els to enhance the organization’s reputation. And
most importantly it provides strategic counsel to the organization’s leaders to help the team make better
decisions.

Some have suggested that the communication function serves or should serve as the

corpora
te
conscience
. They contend that communication leaders have a uniquely objective perspective that allows
them to weigh the sometimes conflicting needs of different publics and to help the organization make
more balanced decisions. Although there is much tr
uth to this perspective, we add that the conscience of
the organization, its moral obligation to do the right thing, is one that is shared by all who lead it,
including the CEO, the board, and the senior management team.

As the top communication profession
al, the CCO has an important responsibility to ensure that all key
stakeholders are given due consideration when critical decisions are made. In that regard, the CCO acts as
the voice for many who are not in the room when choices are made. He or she must k
eep in mind the
minority shareholders, overlooked employee segments, nongovernmental organizations, special interest
groups, elected officials, community leaders, and others who may be affected by the decision and who
have influential roles in their respec
tive areas.

By providing this overarching perspective, the CCO does much more than deliver tactical communication
products. This strategic counsel is what CEOs and other leaders are increasingly seeking in all members of
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the senior team. By delivering it,
the CCO enhances the value of the function and ensures ongoing
participation in charting the future course for the company.

Strategy and Profit Motivation

Public relations as a profession is often thought of as nothing more than a simple set of tactics. Fa
r too
often those in the profession are portrayed in the media and in popular culture as a group of empty
-
headed party planners or deceptive flacks willing to say anything to get publicity for their clients. The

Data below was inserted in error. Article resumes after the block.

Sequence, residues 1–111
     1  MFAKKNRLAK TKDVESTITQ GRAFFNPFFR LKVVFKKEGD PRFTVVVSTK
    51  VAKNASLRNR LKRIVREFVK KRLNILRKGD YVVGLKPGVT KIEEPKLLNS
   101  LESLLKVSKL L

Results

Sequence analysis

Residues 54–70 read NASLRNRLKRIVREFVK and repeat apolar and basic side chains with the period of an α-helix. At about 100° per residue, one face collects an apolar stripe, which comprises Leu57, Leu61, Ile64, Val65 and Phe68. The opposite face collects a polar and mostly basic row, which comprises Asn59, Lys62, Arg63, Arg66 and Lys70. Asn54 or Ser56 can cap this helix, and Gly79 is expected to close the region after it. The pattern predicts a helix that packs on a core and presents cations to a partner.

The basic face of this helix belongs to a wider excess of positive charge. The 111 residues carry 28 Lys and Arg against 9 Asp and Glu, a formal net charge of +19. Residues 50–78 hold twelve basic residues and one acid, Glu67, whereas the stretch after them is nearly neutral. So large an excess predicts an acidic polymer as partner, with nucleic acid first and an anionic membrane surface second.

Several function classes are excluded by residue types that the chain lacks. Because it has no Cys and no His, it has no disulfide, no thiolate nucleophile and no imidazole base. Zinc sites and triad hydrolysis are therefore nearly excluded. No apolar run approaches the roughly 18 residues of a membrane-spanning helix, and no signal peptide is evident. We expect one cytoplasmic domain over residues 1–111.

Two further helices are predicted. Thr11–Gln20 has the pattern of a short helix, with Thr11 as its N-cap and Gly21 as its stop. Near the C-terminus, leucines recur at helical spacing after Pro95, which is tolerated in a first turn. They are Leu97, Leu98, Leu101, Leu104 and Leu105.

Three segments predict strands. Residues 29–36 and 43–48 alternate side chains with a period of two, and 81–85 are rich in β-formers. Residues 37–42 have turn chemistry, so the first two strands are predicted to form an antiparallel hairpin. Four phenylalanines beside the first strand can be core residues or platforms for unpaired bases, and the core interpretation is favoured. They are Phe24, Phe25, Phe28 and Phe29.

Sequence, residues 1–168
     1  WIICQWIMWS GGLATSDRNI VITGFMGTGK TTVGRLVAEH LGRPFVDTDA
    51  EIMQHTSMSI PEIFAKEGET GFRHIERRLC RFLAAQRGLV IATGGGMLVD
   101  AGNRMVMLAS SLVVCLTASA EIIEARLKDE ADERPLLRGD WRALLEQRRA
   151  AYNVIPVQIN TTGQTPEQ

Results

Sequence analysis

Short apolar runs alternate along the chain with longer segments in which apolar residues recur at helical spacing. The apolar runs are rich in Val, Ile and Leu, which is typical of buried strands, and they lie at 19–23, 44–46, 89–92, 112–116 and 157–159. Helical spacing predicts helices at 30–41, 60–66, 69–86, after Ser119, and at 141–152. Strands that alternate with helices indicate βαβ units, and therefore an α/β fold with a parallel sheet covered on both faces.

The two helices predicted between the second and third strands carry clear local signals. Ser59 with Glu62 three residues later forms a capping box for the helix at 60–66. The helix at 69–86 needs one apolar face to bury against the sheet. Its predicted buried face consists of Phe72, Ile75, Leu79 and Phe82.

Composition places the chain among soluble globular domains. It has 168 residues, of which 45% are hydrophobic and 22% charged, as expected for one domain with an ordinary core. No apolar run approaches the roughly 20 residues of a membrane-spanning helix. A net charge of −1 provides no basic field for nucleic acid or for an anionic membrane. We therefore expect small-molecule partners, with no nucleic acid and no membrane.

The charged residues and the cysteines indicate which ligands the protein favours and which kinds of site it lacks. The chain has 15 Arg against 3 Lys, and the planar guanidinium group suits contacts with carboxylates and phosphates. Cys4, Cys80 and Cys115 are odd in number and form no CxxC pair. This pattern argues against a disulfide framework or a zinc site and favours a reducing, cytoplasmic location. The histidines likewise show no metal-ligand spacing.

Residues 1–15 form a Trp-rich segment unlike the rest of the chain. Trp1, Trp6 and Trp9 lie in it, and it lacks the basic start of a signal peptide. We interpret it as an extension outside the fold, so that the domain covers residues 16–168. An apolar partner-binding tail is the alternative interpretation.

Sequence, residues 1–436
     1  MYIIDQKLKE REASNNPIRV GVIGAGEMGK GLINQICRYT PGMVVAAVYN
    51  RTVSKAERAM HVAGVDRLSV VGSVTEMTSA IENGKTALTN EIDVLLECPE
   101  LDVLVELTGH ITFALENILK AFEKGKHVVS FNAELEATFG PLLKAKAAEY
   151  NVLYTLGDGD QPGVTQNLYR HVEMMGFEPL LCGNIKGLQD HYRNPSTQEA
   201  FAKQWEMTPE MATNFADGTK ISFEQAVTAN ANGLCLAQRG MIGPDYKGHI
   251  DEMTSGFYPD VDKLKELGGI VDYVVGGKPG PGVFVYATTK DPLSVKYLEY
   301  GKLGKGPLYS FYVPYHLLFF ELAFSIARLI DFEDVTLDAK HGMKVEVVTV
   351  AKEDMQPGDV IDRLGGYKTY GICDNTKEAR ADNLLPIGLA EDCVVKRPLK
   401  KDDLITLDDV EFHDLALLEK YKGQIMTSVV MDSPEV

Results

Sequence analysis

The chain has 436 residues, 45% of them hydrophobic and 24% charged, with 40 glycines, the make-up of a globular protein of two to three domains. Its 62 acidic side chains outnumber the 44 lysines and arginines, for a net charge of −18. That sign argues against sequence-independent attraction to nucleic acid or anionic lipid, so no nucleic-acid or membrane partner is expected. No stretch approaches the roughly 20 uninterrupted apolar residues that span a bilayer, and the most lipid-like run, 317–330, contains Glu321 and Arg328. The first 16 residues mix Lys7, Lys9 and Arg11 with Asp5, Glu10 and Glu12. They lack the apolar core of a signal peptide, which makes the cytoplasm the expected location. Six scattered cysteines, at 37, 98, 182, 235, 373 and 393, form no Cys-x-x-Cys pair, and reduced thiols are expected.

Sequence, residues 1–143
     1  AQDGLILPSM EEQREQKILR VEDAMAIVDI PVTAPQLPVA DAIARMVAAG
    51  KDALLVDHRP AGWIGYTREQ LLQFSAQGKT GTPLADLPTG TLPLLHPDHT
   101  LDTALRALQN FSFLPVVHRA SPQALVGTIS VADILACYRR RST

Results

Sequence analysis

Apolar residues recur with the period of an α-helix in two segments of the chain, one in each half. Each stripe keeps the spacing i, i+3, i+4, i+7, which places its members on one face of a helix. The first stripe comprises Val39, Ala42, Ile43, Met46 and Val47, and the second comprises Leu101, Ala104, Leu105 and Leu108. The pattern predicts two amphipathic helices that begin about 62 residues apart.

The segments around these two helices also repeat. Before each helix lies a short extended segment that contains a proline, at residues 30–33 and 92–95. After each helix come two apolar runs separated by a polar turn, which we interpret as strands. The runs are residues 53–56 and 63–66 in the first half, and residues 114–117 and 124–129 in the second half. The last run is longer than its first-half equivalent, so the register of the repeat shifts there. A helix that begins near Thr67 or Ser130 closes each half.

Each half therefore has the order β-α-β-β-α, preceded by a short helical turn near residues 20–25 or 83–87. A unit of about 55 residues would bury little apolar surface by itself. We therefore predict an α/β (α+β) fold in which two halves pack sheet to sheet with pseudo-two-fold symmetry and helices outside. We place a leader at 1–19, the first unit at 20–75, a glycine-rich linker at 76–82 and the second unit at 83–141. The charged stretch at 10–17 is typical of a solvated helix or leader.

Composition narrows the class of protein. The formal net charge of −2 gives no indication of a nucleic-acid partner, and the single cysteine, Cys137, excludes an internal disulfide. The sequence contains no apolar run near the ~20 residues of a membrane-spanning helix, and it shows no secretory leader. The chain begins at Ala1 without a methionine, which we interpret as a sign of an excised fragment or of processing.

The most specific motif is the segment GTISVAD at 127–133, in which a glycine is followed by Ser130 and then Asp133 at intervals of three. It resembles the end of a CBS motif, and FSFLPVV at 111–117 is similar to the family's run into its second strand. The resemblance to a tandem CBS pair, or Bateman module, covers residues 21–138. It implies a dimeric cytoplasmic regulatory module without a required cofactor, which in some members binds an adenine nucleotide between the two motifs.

tools of the trade

news releases, press conf
erences, media events, employee newsletters

are considered
as discrete tactics that rarely if ever are driven by an underlying strategy.

This, like other stereotypes, is simply not supported by fact. As practiced by most large organizations and
agencies, p
ublic relations is an integral part of overall strategy. Communication programs are developed
based on extensive research to address specific business objectives with stated outcomes, target
audiences, and key messages. The results of these efforts can be
measured, both qualitatively and
quantitatively.

Think of it this way: When an organization develops a strategic plan, it usually does so with a relatively
small number of key executives. These leaders look at the company’s strengths, organization, challen
ging
issues, and potential problems that could arise. They consider the organization’s financial position, its
growth prospects, its competitive position, and the changing landscape in which it operates.

When they have considered all of these factors, they

map out a strategy that will build on the company’s
current strengths, address its relative areas of weakness, take advantage of opportunities, and prepare for
looming threats. They may decide, for example, to be the low
-
cost provider in their industry se
gment. Or
they may decide to take advantage of their expertise in new product development, or to exploit their
superior distribution network.

At some point, the strategy must b
e executed by a much larger, geographically dispersed network of
employees. This is where the communication strategy becomes crucial. If a company has a long track
record of fighting with its employees over issues like pay, benefits, union representation,
child care
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programs, or workplace safety, it will be much more difficult to call upon them to launch a new initiative
aimed at improving customer service.

In large measure, an important role of the communication function team is to help balance the needs o
f
all publics

employees, investors, customers, communities

as the organization makes key decisions. For
example, assume that a company is facing financial difficulties due to declining market share in one part
of the United States. They are faced with the
decision of closing a regional plant since that level of
manufacturing capacity is no longer needed. In the past, they simply might have turned to the public
relations executive and said, “We’re closing the Milwaukee plant. Try to put a good face on it.” A
n
organization that views the communication function as a strategic partner instead would say,

We’ve got too much manufacturing capacity; operations is recommending that we close
Milwaukee. We’d like you to take a look at the impact this will have with our

employees,
customers, and the community there and help us measure this as we examine the alternatives.
There may be another choice that won’t be as painful to the organization.

Balancing the needs of publics is just one facet of the impact public
relations can have on achieving
organizational goals. It obviously depends on the organization, but in almost every case, effective